Chapter 10


Every year approx. 30 00 earthquakes are strong enough to be felt



Scientists who study earthquakes.


Earthquake Distribution Map


This map is also a possible proof of Pangaea. This is because the earthquake lines are all between the continents those were once together.


Plate Tectonics


When examining a map of the world, you might notice that Africa, and South America could fit together.


In 1915 Alfred Wegener, a German scientist, said this is only possible through Continental Drift.

Alfred Wegner also suggested that all the continents used to be 1 super continent. He called this Pangaea.

J. Tuzo Wilson further researched Alfred’s work and came up with Plate Tectonics.

About Plate Tectonics


Plate tectonics, is the theory that helps explain most geologic process.  The theory states:


-       The earth is made up of about 20 different plates

-       Most of the plates are made of continent and ocean

-       They move over a weak layer of hot rock, several 100 kilometres below the earth’s surface

-       The reason why these plates move is not 100% known. It is thought that is because of unequal distribution of heat within the earth.

-       This causes Convection Currents to move the plates



In this picture it shows that the same species lives in a part where Africa and South America were thought to be connected.




In this Picture, you see that the same types of mountains are in the place where it was though that North America and Europe were connected.


In this picture you see that there were ice sheets in parts of the world that are extremely hot today. Scientists believe when Pangaea split, the ice sheets slowly melted off, but it took a long time.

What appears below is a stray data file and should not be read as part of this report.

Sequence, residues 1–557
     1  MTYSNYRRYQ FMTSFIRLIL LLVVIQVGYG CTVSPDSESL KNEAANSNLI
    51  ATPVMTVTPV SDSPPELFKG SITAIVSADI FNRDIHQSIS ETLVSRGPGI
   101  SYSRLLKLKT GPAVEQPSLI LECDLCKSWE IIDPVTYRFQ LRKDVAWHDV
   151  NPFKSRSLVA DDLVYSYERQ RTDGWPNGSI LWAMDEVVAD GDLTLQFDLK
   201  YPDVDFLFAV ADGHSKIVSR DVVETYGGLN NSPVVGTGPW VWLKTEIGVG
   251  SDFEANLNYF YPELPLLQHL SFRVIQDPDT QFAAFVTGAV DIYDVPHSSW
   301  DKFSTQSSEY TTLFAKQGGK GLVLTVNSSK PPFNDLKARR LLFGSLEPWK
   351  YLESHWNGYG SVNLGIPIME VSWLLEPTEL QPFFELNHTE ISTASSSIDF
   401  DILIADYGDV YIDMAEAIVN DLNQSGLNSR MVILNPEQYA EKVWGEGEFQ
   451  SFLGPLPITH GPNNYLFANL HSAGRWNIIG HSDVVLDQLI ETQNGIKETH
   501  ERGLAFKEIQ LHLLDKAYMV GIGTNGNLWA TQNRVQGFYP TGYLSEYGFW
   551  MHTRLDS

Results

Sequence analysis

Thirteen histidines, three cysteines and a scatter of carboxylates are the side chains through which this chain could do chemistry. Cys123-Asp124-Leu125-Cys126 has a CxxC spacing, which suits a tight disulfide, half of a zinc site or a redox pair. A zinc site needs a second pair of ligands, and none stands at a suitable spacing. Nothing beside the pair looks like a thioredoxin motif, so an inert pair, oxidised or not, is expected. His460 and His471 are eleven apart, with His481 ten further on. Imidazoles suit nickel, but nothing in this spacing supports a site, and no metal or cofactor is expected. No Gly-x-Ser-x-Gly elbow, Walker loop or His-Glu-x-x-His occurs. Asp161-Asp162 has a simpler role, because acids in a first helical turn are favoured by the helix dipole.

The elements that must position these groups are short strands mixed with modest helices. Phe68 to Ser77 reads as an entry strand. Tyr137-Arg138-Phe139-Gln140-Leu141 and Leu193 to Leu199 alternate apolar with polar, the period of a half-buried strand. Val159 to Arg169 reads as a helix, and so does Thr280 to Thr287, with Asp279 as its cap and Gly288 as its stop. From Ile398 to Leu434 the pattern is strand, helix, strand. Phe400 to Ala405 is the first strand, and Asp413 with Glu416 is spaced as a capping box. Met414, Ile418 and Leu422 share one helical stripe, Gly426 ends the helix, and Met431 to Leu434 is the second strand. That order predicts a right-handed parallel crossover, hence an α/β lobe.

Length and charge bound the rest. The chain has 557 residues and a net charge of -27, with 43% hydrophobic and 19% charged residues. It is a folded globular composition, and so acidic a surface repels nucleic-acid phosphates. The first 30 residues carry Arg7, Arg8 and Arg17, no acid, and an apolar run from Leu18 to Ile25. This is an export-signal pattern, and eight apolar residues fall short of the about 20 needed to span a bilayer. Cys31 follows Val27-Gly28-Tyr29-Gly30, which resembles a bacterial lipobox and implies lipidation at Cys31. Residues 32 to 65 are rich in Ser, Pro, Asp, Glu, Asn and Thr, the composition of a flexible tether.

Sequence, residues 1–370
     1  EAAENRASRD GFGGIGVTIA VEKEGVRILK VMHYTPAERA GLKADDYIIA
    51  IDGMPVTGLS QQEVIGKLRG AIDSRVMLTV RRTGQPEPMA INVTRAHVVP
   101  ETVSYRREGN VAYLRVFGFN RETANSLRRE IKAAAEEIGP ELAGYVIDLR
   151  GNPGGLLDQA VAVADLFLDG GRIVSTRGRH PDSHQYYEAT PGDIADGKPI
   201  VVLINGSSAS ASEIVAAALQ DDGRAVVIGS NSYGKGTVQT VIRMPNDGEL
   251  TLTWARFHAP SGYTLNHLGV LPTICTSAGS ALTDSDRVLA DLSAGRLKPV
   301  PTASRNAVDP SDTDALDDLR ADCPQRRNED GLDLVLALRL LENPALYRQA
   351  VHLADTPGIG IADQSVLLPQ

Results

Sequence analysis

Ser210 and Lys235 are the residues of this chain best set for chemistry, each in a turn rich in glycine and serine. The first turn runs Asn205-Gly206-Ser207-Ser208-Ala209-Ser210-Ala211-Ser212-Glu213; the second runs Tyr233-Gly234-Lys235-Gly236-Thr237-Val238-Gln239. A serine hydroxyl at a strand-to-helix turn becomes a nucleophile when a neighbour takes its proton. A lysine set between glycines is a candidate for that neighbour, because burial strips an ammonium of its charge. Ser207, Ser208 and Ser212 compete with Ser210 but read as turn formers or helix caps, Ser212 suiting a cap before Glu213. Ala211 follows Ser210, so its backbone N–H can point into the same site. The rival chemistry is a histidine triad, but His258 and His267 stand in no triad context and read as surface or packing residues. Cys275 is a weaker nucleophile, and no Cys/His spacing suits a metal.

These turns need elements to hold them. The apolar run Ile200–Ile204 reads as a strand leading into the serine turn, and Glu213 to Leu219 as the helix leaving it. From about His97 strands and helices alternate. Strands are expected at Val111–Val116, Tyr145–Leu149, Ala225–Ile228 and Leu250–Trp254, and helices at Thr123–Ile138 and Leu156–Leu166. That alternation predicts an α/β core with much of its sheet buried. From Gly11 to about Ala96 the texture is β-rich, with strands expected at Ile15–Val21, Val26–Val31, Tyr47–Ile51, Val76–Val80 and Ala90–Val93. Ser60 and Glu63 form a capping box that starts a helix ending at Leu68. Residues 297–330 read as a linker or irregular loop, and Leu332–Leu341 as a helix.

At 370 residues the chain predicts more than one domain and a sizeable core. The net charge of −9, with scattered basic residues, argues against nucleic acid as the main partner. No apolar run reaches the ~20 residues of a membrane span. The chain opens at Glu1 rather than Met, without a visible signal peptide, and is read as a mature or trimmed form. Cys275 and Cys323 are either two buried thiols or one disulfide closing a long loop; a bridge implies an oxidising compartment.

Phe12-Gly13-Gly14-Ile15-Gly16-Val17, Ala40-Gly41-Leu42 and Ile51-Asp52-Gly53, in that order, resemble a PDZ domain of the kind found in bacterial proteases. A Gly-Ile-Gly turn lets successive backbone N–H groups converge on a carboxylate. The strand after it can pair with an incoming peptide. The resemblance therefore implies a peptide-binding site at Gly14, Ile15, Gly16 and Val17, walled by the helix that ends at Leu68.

A Picture of the layers of the earth, and how convection currents work to move plates.


Canada’s Geologic History


The earth’s physical landscape it formed majorly by plates moving over each other, under each other, colliding and creating mountains, or trenches, holes, and gaps.


Mountains are slowly worn down by wind, rain, running water, and ice. This is called erosion.


We can examine Canada’s geologic history by studying landforms, rocks, and fossils.


Geologic Time


To make geologic time easier to understand, we divided it into eras.




-       Began 66 Million years ago.

-       Ended: Currently Happening

- Ice sheets cover much of North America

-  Continents take their Present shape

- Humans begin to develop

- Age of mammals

- Modern forms of life evolve



-       The final changes occurred which gave Canada’s landforms their present shape

-       The continuing collision of the pacific and North American plates formed the Coast Mountains, and other mountain systems such as the Rockies.

-       Much f the world was under an ice age for the last 2 million years.

-       The seas that use to exist in Canada are now the Interior Plains

-       As the glaciers moved the acted like earth moving machines, scraping and gouging the earths surface. The Appalachian Mountains along the eastern coast and the Canadian Shield were rounded by moving ice